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Regional News

Construction halted on new American Samoa building after FEMA raises concerns

PAGO PAGO (Samoa News/Pacnews) — To address issues of concern raised by the Federal Emergency Management Agency  over the construction of the new Fono or legislative building in American Samoa, Gov. Lolo Matalasi plans to form a task force that will recommend changes to “local regulations that will align more closely with federal statutes.”

Lolo shared the information in his Sept. 28 letter (which Samoa News understands was sent early last week) to FEMA Region IX Administrator, Robert J. Fenton, who had raised in an Aug. 20 letter concerns that the Fono building construction does not comply with federal regulations.

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Failure to comply with federal regulations, Fenton wrote, means a loss of federal funding in the millions of dollars from FEMA, if another disaster happens in American Samoa. It also means a loss of federal monies from other federal agencies. 

“We take the issues you raised very seriously and have suspended construction,” wrote Lolo in his letter to Fenton, who was also informed that Public Works has withheld issuing the “Notice to Proceed” to the company that was awarded the contract.

“I believe this action is a sign of good faith and demonstrates our desire to resolve this matter in an open and cooperative manner,” said Lolo. 

Lolo didn’t identify the name of the construction company, which is Paramount Builders Inc., whose crew and equipment have not been seen at the construction site for more than two weeks.

At the time when Fenton’s letter was received by the governor’s office, Lolo said a variance for the new Fono building’s foundation was being sought in accordance with the American Samoa Floodplains Management Regulations, which were adopted locally and submitted to the Federal Insurance Administrator in 2006.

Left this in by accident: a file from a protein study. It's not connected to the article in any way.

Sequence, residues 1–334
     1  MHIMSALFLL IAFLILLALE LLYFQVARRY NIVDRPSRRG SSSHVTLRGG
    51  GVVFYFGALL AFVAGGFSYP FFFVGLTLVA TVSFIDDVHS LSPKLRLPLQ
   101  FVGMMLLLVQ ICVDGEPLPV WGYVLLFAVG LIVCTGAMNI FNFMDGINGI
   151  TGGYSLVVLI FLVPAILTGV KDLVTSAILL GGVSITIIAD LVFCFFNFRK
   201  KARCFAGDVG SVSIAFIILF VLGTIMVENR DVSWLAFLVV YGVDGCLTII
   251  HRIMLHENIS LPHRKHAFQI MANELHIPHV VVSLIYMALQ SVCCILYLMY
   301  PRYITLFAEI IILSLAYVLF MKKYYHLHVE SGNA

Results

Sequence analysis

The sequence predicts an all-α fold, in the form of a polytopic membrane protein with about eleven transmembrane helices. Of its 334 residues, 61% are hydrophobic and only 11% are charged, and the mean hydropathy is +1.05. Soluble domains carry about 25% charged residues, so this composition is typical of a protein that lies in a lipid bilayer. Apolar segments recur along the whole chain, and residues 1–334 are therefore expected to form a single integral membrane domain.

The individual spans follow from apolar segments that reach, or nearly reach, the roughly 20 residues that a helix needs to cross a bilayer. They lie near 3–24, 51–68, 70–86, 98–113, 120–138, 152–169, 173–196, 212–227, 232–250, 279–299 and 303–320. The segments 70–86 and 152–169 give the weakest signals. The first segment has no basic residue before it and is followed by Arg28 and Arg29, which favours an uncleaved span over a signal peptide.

“It was assumed that since no objections were raised, these regulations were consistent and complied with federal floodplain management statutes,” Lolo wrote to Fenton. “Because of the points you raised, a task force will be formed and assigned to recommend changes to the local regulations in order to align them more closely with federal statutes.”

In his Aug. 20 letter, Fenton noted that FEMA was informed that the original Fono building design called “for an elevated structure on piles/ piers with parking underneath, which would have complied” with the territorial government’s Floodplain Management Regulations.

“However, the design was later modified to include a perimeter foundation and backfilled,” Fenton continued, and explained that buildings using a perimeter foundation, fill, or an elevated slab, are not permitted in the Flood VE Zone, which appears to be where the new Fono building is being constructed.

According to Fenton, VE zone is the “highest-risk flood zone, subject to damaging forces of high waves and high wind.”

In his response letter, Lolo explained that to mitigate any financial losses due to flooding, territorial government property insurance policy includes flood coverage. The policy’s $15 million cap is sufficiently large to cover any historical flood events incurred by the territorial government.

“From a cost-benefit stand point, this strategy is extremely effective,” he argued, noting that [the American Samoa government] paid $637,614 for the flood coverage in 2016 to cover 185 buildings valued at over $136 million. Furthermore, the new Fono building makes up just 10 percent of this premium or about $64,000 assuming a construction cost of $13 million.

“In other words, the $3 million construction savings pays for over 46-years of flood coverage for the new Fono building,” he claimed. “A thorough evaluation is underway to ensure all properties in flood zones are fully covered in our upcoming insurance policy renewal.”

Lolo also shared with Fenton information about the small land area of Tutuila island, home of the new Fono building. He explained that American Samoa’s lush volcanic mountains “are omnipresent” and are separated by the Pacific Ocean “by a very narrow band of flat land.”

“It is difficult to build anything in that band without violating one of the many overlapping federal regulations or having the project’s price escalate to exorbitant levels,” he pointed out.

According to Lolo, “American Samoa is unique” and “federal regulations need to be reconsidered and right-sized when applying them to the territory”.

As for the new Fono building, Lolo said, “we are building it on one of the few available locations that could fit a project of this size and at a price we can afford.”

The governor’s letter is copied to top U.S Interior Department officials, Fono leaders, U.S. Congresswoman Aumua Amata of American Samoa, the White House, and Lt. Gov. Lemanu Sialega Palepoi Mauga.